Robotic Knee Replacement FAQs
What is Mako?
Mako is a patented, first-in-class technology offered by Stryker Corporation to utilize a “haptic” robotic system to complete joint replacements. This technology permits the surgeon performing the operation to have additional precision during the replacement’s bone preparation due to virtual boundaries created by the robot based on your unique anatomy. As a result, more of your healthy bone is saved, your soft tissues including ligaments and tendons(1) are protected, and the joint replacement is perfectly executed and balanced for motion right away. Having a robotically-balanced knee before you take your first steps with the new prosthesis will allow you to leave the hospital sooner(2), recover faster(2), and potentially improve your long-term outcome(3).
How does the Mako system work?
The robot “knows” precisely your anatomy after the surgeon registers anatomical reference points into the robotic system. In this way, the CT scan of your leg and knee “comes alive” and instruments placed near your anatomy can be seen and moved in real time on a computer screen. In this way, the computer and your surgeon together will generate a surgical plan that is very specific to your unique anatomy. This plan can be modified at the time of surgery to fine-tune implant alignment based on soft tissue balance, and to ensure correction of contractures (deformities or crookedness).
How does the Mako system compare with conventional knee replacement?
Long-term outcomes of robotic-arm assisted knee replacements are only now becoming available due to the novelty of the technology. However, there is good evidence they will improve the alignment and balancing of the implant, with stiffness or looseness among the leading causes of revision of knee replacements performed with manual techniques(4). Evidence suggests that nearly 1 in 3 knee replacements done with manual techniques have evidence of subtle malalignment(5). While it remains a topic of debate as to whether subtle malalignment leads to worse outcomes, why take a chance when robotic technology can more perfectly align the joint?
Before you get to surgery, the robotic system will have predicted the size and near-optimized position of the implant. Also, the bone resection, balancing, and adjustments require less mental and physical exertion on the part of the surgeon, allowing him to spend more energy on achieving a perfect result. In patients undergoing robotic assisted surgery, early postoperative recovery causes less pain and need for opioid medications(6), less blood loss, as well as a shorter hospital stay which is uncommonly longer than 1 day(2), allowing patients to leave the facility and recover more easily in the comfort of their own home. Lastly, these robotic surgeries result in better physical function and total satisfaction up to two years following surgery(7).
What are the take home points about considering Mako robotic-arm assisted total knee replacement?
- More precise and accurate surgery
- Better alignment of the implant
- Safer, with less soft tissue injury
- Faster recovery
- Less pain and blood loss
- Better patient satisfaction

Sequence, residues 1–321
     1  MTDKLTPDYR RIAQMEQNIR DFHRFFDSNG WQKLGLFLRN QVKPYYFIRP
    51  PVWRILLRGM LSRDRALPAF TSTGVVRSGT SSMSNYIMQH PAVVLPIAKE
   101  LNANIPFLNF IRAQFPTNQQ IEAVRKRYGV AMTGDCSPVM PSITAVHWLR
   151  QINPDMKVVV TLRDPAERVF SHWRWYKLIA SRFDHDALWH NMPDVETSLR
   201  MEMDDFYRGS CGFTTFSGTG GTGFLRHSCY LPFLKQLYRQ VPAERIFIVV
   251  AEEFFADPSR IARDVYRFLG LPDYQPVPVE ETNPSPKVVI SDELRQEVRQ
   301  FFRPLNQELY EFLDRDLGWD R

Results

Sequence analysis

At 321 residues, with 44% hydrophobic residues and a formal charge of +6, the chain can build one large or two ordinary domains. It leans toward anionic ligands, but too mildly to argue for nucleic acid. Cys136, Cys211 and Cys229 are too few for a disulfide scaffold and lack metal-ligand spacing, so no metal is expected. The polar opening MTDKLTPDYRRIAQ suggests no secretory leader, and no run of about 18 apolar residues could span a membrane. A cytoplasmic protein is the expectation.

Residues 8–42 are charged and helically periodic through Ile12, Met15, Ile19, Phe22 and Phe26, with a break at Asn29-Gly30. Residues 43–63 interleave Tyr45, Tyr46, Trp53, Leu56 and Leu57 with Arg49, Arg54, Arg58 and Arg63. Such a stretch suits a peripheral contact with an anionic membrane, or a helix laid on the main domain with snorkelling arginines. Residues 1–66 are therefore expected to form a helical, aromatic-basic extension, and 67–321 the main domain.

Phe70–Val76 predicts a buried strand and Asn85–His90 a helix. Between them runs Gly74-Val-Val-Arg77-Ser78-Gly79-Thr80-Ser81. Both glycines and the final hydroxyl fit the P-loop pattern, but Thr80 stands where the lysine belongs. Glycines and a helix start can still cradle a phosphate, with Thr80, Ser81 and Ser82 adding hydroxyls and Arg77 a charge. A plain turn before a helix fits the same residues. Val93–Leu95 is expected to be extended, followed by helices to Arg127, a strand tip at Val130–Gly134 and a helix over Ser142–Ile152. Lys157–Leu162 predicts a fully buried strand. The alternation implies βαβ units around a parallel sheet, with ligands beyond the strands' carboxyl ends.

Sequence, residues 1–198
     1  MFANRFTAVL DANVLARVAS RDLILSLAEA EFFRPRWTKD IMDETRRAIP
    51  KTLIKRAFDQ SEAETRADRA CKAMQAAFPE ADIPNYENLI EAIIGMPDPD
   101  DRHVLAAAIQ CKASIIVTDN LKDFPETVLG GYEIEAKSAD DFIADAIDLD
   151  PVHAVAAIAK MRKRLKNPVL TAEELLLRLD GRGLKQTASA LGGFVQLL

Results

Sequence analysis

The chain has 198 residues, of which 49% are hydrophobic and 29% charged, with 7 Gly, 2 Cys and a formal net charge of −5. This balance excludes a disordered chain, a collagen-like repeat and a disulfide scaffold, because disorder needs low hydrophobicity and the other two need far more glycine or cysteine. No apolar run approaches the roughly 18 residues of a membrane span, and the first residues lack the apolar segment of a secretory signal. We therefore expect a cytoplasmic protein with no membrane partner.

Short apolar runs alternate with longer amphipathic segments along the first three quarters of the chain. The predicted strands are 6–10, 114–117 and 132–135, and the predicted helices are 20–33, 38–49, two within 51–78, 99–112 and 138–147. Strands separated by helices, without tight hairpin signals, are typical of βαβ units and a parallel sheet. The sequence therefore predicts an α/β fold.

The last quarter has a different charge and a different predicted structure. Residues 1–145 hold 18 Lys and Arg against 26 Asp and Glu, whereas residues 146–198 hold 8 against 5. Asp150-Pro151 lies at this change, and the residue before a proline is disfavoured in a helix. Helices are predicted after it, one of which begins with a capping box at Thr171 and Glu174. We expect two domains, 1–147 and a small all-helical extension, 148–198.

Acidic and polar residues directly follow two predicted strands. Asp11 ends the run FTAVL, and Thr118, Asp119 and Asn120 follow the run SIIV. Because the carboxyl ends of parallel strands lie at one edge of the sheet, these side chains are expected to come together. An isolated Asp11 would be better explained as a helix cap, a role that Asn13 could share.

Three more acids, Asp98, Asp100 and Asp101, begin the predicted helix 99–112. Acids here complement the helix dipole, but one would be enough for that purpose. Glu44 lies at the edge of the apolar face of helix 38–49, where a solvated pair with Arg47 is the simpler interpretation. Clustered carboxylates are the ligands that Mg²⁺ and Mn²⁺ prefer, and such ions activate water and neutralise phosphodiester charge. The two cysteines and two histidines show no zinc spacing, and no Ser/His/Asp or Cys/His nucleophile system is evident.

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- Kayani B, Konan S, Pietrzak JRT, Haddad FS. Iatrogenic Bone and Soft Tissue Trauma in Robotic-Arm Assisted Total Knee Arthroplasty Compared With Conventional Jig-Based Total Knee Arthroplasty: A Prospective Cohort Study and Validation of a New Classification System. J Arthroplasty. 2018 Aug;33(8):2496-2501. doi: 10.1016/j.arth.2018.03.042. Epub 2018 Mar 27. PMID: 29699827.
- Kayani B, Konan S, Tahmassebi J, Pietrzak JRT, Haddad FS. Robotic-arm assisted total knee arthroplasty is associated with improved early functional recovery and reduced time to hospital discharge compared with conventional jig-based total knee arthroplasty: a prospective cohort study. Bone Joint J. 2018 Jul;100-B(7):930-937. doi: 10.1302/0301-620X.100B7.BJJ-2017-1449.R1. PMID: 29954217; PMCID: PMC6413767.
- Khlopas A, Sodhi N, Sultan AA, Chughtai M, Molloy RM, Mont MA. Robotic Arm-Assisted Total Knee Arthroplasty. J Arthroplasty. 2018 Jul;33(7):2002-2006. doi: 10.1016/j.arth.2018.01.060. Epub 2018 Feb 5. PMID: 29506926.
- Postler A, Lützner C, Beyer F, Tille E, Lützner J. Analysis of Total Knee Arthroplasty revision causes. BMC Musculoskelet Disord. 2018 Feb 14;19(1):55. doi: 10.1186/s12891-018-1977-y. PMID: 29444666; PMCID: PMC5813428.
- Mason JB, Fehring TK, Estok R, Banel D, Fahrbach K. Meta-analysis of alignment outcomes in computer-assisted total knee arthroplasty surgery. J Arthroplasty. 2007 Dec;22(8):1097-106. doi: 10.1016/j.arth.2007.08.001. PMID: 18078876.
- Bhimani SJ, Bhimani R, Smith A, Eccles C, Smith L, Malkani A. Robotic-assisted total knee arthroplasty demonstrates decreased postoperative pain and opioid usage compared to conventional total knee arthroplasty. Bone Jt Open. 2020 Oct 27;1(2):8-12. doi: 10.1302/2633-1462.12.BJO-2019-0004.R1. PMID: 33215101; PMCID: PMC7659658.
- Marchand RC, Sodhi N, Khlopas A, Sultan AA, Harwin SF, Malkani AL, Mont MA. Patient Satisfaction Outcomes after Robotic Arm-Assisted Total Knee Arthroplasty: A Short-Term Evaluation. J Knee Surg. 2017 Nov;30(9):849-853. doi: 10.1055/s-0037-1607450. Epub 2017 Oct 13. PMID: 29029352.
At a Glance
Dr. Thomas Obermeyer
- 15+ years of training and experience treating complex shoulder and sports medicine conditions
- Expert subspecialized and board-certified orthopedic care
- Award-winning outstanding patient satisfaction scores
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